The University of Birmingham is among the top 50 places in the world to study dentistry, according to a prestigious global survey of universities.
Ranked first in the country for Dentistry in terms of 4* and 3* research, Birmingham’s School of Dentistry has risen 24 places in the QS World University Rankings by Subject 2016 and is ranked as the 17th best dental school on the planet.
This year’s ratings put three other subject areas at Birmingham into the Top 50: Education, Geography and English Language & Literature.
There are a further 19 Birmingham subject areas that score in the Top 100. These include: Law, Mineral & Mining Engineering, Law, Social Policy & Administration, Archaeology, Chemical Engineering, and Environmental Sciences.
Professor Philip Lumley, Head of the University of Birmingham’s School of Dentistry said: “This latest survey demonstrates that our School of Dentistry continues to deliver excellent teaching and research opportunities. It is a destination of choice for those wishing to secure a top-flight career in dentistry.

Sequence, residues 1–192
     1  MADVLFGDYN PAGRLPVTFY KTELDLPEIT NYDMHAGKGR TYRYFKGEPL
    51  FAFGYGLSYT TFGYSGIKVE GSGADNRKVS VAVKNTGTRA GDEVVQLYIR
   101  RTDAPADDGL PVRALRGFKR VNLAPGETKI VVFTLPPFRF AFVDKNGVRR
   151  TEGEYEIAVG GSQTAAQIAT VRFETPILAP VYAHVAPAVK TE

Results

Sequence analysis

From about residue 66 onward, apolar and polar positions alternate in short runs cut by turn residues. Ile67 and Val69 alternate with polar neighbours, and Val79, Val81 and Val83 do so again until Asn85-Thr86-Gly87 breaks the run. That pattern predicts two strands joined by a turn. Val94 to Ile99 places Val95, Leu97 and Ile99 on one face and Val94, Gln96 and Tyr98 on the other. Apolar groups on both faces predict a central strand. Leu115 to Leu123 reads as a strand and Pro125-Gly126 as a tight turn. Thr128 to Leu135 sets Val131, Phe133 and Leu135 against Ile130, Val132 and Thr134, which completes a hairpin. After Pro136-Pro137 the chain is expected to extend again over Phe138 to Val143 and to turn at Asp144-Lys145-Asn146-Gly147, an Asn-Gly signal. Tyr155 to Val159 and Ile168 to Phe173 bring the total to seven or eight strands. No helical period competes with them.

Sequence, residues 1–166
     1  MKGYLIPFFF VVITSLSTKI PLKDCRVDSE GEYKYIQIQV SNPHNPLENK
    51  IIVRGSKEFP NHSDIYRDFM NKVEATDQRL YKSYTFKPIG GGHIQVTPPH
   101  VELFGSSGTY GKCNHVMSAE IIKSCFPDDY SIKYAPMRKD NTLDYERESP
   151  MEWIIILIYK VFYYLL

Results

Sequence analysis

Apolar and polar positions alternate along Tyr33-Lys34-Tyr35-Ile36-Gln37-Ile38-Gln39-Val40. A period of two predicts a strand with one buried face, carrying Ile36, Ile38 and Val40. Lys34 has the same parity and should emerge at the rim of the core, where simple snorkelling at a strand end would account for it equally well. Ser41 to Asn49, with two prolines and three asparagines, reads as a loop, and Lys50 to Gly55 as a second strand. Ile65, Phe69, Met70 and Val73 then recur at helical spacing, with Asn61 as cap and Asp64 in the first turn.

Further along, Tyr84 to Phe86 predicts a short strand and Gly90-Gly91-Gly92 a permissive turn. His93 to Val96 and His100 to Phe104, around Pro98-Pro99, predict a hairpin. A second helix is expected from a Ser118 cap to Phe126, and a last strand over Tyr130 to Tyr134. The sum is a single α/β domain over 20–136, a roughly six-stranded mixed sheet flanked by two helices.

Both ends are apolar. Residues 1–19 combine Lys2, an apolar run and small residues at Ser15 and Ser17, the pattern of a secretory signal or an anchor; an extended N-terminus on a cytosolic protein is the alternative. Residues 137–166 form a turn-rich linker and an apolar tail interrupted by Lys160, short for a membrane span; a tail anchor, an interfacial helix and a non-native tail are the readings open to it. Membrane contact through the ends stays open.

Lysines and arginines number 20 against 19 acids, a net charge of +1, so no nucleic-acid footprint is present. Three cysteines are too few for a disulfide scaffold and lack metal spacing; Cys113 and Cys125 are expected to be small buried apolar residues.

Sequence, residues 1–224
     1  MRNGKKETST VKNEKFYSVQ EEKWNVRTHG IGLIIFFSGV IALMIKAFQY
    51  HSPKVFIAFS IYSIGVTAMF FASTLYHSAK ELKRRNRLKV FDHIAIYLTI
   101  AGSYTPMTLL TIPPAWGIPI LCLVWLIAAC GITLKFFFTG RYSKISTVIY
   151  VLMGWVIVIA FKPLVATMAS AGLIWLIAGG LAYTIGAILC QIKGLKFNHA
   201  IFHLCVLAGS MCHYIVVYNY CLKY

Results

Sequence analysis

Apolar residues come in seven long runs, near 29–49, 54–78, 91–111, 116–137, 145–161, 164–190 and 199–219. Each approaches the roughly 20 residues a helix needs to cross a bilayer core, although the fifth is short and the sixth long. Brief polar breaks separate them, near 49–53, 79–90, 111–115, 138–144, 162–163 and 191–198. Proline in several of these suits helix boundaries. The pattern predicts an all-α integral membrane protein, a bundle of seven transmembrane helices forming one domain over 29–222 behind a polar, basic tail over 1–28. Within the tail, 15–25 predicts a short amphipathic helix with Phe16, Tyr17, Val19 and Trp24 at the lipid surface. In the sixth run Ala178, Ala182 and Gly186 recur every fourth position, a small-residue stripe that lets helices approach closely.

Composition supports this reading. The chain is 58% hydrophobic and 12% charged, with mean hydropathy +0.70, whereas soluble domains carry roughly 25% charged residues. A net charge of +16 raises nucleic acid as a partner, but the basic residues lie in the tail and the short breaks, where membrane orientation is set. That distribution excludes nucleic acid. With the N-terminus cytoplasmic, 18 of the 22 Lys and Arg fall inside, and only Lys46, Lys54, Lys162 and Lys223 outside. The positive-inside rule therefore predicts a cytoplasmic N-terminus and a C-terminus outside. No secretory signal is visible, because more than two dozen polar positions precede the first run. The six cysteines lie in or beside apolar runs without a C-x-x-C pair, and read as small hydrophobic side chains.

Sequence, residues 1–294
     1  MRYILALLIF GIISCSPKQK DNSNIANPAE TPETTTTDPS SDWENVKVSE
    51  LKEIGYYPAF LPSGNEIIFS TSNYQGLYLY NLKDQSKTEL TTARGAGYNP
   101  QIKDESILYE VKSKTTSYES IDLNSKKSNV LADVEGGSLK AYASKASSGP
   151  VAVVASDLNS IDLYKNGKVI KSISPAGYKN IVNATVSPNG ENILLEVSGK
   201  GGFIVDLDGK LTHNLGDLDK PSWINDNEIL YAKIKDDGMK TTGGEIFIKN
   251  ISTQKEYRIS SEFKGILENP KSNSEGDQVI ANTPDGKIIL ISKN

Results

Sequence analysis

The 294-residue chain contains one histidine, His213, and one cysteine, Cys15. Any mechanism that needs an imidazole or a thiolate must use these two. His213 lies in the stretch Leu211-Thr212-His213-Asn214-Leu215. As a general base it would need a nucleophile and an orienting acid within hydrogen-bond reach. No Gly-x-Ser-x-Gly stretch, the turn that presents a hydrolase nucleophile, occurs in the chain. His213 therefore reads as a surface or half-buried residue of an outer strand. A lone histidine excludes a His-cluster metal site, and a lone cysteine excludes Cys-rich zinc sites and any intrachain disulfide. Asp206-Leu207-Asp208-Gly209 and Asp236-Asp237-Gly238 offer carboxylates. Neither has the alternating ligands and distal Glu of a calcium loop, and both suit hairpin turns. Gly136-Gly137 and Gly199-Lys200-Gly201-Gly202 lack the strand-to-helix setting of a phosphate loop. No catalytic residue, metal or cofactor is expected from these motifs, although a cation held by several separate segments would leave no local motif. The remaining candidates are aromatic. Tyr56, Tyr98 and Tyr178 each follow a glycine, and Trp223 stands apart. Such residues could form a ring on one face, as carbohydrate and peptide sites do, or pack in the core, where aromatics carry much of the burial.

“The rankings also show that the University of Birmingham is a place for leading scientists, professionals and students who want to be involved in world-class research, or achieve a degree that will enhance professional opportunities around the world.”
This year’s rankings cover 42 subject areas, in each of which universities are assessed. If the institution both offers the subject and produces a sufficient number of research papers it will be given a score.
From these scores, a ranking table is produced to display anything from the leading 50 to the leading 500 institutions for the subject. The rankings are compiled using indicators selected to assess institutions’ international reputation in each subject area, alongside research impact in the field.
The 2016 results draw on the opinions of more than 76,000 academics and 44,000 employers, alongside analysis of over 28 million research papers and some 113 million research citations.
Find out more about the School of Dentistry at the University of Birmingham